The NCEO was not involved in discussions about the version of the bill introduced on July 21, but we look forward to continued productive conversations about finding the optimal language for this bill, which has the potential to dramatically increase the amount of employee ownership in the United States, preparing our country for a post-COVID-19 economy that is both stronger and fairer.

Want to share your reactions to this bill? Use the NCEO's input form for this bill to provide anonymous or identified feedback, or contact Loren Rodgers.

Updated on July 30 with clarifying edits and ideas on possible improvements to the bill's wording.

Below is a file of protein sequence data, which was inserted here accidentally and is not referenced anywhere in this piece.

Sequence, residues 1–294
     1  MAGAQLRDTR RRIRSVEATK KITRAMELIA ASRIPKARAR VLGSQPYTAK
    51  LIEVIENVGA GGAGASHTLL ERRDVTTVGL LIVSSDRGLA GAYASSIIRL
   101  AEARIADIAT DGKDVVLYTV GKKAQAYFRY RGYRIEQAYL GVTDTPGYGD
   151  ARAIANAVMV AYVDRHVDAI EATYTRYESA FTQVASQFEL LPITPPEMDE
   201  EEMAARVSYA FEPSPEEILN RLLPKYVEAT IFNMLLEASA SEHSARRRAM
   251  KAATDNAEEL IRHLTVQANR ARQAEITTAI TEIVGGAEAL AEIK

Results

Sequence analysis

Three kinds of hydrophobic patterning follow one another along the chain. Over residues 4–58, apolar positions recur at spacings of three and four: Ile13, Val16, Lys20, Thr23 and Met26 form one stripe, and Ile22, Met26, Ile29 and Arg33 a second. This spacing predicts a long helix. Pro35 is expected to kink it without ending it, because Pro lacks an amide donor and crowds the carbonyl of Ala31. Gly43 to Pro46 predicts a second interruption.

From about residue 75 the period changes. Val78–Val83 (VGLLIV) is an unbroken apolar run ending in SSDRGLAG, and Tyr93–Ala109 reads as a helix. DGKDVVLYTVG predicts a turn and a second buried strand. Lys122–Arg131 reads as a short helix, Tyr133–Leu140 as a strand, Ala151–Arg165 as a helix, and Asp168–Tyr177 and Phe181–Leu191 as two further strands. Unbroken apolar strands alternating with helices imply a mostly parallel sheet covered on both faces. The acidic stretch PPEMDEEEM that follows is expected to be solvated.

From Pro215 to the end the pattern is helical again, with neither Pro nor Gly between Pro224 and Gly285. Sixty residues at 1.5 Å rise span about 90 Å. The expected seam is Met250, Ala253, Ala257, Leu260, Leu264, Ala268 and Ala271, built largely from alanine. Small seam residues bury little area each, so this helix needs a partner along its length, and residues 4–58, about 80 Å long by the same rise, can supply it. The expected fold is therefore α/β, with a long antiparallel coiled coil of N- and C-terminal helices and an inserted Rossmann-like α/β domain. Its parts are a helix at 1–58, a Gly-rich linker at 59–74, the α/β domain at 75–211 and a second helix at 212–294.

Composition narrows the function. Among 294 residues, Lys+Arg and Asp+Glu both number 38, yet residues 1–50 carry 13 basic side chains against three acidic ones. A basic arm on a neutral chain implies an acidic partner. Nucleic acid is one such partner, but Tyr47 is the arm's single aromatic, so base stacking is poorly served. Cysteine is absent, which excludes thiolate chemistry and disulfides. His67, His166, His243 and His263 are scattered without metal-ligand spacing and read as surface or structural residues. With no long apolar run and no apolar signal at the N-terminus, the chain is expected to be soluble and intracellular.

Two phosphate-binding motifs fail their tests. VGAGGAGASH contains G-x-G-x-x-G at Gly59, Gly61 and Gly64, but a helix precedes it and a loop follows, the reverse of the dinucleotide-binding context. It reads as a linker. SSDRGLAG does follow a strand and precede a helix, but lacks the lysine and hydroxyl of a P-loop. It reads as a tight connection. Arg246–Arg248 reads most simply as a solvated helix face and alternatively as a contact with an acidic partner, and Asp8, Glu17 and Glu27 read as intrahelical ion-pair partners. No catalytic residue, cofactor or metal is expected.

Updated on July 28 to emphasize in point 2 that requiring purchases of new shares appears to be the intent of this bill, but since I was not involved in drafting that language, I cannot say so definitively.

Thank you to the many people who talked with me and contributed their experience and wisdom to these thoughts. This is a fast-moving issue, and no productive analysis would have been possible without a team of contributors. More even than typical, however, people have diverse understandings of this policy, so although I warmly thank all advisors, I claim all mistakes as my own.

In addition to the anonymous advisors, I thank Ted Becker, Chris Buch, Ron Gilbert, Tim Jochim, Judy Kornfeld, Kevin Long, Scott Miller, and Corey Rosen.